Last week the Securities and Exchange Commission said it will pay a former company employee who reported potential securities law violations between $5 million and $6 million — the third-largest award to date under the SEC’s whistleblower program.
The tipster at the unnamed company had alerted the SEC to violations of securities law that the SEC had no way of detecting, according to the SEC’s statement.
Earlier in the month, the SEC awarded $3.5 million to another whistleblower.
According to the SEC, “This particular whistleblower’s tip substantially strengthened our ongoing case and increased our leverage during settlement negotiations with the company.” In awarding the whistleblower $3.5 million, the SEC said it took into account “certain unique hardships” experienced by the whistleblower, specifically the person had been unable to find work since reporting the misconduct, largely because of their whistleblowing.
In both instances, as is typical, the SEC didn’t release details about the whistleblower or the information they provided. By law, the SEC has to protect whistleblower confidentiality, and as a practice, it keeps confidential all information that could be used to directly or indirectly to identify the whistleblower.
The award brings the total amount of whistleblower payouts the SEC has made since the 2010 Dodd-Frank Act to over $60 million, paid out to 29 whistleblowers.
The Dodd-Frank Act was enacted in 2010 to address many of the abuses that contributed to the financial crisis in 2008. One of the provisions encourages employees and other persons to report wrongdoing they see or learn about by offering substantial rewards and protection against employer retaliation. Persons can report misconduct to the SEC when they suspect their employer has violated the federal securities laws. Persons can also report misconduct to the Commodity Futures Trading Commission when they suspect the employer has violated the Commodity Exchange Act. Persons may file reports with either agency on an anonymous basis through an attorney.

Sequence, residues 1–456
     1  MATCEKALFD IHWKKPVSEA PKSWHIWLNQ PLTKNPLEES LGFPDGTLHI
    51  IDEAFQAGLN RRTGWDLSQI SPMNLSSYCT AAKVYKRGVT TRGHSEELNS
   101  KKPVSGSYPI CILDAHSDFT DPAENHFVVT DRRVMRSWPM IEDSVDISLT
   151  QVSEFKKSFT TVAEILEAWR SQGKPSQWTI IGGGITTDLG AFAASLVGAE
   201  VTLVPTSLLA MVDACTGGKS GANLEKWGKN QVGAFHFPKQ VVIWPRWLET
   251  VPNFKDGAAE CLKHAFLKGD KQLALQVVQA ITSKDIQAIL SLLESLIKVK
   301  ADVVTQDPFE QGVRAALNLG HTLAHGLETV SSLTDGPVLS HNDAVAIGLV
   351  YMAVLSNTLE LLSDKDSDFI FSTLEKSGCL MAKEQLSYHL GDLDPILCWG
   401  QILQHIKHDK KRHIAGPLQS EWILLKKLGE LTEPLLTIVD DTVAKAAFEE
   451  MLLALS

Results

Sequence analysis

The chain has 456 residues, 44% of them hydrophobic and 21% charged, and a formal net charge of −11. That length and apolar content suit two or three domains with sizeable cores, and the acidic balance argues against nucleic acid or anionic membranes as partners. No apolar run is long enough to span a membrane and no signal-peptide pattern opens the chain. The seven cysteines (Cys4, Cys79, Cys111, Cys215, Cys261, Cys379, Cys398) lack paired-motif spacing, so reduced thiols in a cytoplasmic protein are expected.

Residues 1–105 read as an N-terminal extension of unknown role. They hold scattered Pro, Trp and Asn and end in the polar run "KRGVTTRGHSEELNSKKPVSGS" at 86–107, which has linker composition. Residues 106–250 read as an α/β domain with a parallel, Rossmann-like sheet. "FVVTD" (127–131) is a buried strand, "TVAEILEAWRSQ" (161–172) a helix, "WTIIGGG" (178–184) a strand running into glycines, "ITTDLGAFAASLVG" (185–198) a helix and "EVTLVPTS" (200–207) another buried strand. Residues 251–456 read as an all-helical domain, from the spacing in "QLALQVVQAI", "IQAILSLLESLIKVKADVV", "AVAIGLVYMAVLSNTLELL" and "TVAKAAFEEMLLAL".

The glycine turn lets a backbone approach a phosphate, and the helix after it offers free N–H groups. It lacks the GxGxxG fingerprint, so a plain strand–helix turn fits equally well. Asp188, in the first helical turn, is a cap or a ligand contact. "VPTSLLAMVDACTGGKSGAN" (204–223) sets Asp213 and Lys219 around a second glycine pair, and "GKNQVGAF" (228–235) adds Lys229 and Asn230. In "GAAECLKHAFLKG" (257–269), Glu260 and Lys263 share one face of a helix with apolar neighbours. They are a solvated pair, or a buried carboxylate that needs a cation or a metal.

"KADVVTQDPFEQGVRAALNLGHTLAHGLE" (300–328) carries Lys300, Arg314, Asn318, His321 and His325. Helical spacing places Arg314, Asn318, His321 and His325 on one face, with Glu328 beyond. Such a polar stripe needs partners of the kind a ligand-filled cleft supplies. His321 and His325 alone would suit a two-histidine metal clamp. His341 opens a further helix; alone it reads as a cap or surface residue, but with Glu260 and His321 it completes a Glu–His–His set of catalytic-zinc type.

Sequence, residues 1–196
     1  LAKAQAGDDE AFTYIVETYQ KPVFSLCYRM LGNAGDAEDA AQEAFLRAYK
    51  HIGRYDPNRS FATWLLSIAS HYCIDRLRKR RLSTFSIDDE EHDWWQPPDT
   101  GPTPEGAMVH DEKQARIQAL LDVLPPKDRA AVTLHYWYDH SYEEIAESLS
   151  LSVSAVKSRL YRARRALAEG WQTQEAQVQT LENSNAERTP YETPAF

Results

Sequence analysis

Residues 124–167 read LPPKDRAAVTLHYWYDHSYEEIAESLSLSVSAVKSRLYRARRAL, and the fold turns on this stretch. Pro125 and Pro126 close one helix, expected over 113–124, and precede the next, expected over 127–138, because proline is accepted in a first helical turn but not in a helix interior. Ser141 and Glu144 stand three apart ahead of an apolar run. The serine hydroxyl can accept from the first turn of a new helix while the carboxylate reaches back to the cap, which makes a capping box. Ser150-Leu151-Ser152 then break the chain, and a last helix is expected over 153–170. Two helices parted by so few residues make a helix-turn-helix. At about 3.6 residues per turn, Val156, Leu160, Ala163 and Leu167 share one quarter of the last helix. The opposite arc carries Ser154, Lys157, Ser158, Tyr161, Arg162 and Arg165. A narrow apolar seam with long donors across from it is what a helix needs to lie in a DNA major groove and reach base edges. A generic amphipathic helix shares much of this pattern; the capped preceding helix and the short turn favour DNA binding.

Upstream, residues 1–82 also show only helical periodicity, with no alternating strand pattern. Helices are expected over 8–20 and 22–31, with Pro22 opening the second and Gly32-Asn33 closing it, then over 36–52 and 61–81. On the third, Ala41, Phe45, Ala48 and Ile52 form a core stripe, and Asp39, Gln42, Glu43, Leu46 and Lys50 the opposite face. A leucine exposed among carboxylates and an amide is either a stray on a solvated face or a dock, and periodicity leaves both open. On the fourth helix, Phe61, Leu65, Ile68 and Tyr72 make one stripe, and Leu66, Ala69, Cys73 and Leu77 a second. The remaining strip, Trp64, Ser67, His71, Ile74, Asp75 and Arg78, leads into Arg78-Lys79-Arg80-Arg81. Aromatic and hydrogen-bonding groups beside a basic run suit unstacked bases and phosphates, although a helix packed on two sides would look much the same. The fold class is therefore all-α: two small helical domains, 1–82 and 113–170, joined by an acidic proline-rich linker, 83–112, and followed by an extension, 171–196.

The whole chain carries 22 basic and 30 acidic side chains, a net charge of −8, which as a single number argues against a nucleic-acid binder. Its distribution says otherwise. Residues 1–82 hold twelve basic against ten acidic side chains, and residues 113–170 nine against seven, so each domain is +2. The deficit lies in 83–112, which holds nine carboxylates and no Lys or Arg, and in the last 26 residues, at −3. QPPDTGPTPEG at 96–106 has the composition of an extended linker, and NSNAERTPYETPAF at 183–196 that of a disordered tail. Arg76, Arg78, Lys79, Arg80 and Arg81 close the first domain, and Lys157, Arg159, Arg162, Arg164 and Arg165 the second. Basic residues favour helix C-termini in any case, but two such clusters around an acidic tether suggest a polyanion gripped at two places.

Under Dodd-Frank, any person who voluntarily provides original information that leads to the successful enforcement is entitled to a reward of between ten percent (10%) and thirty percent (30%) of the amount collected in any enforcement action. The largest payout under the program so far came in September 2014, when the SEC announced it would give more than $30 million to a person who provided key original information that led to a successful enforcement action.
Dodd-Frank also affords protection to employees against employer retaliation for reporting. An employer that discharges, demotes, suspends, threatens harasses, directly, indirectly, or in any other manner discriminates against an employee for reporting misconduct may be required to (i) reinstate the employee with the same seniority status that they would have had, but for the retaliation; (ii) pay the employee 2 times the amount of back pay otherwise owed to the employee, with interest; and (iii) compensate the employee for litigation costs, expert witness fees, and reasonable attorneys’ fees.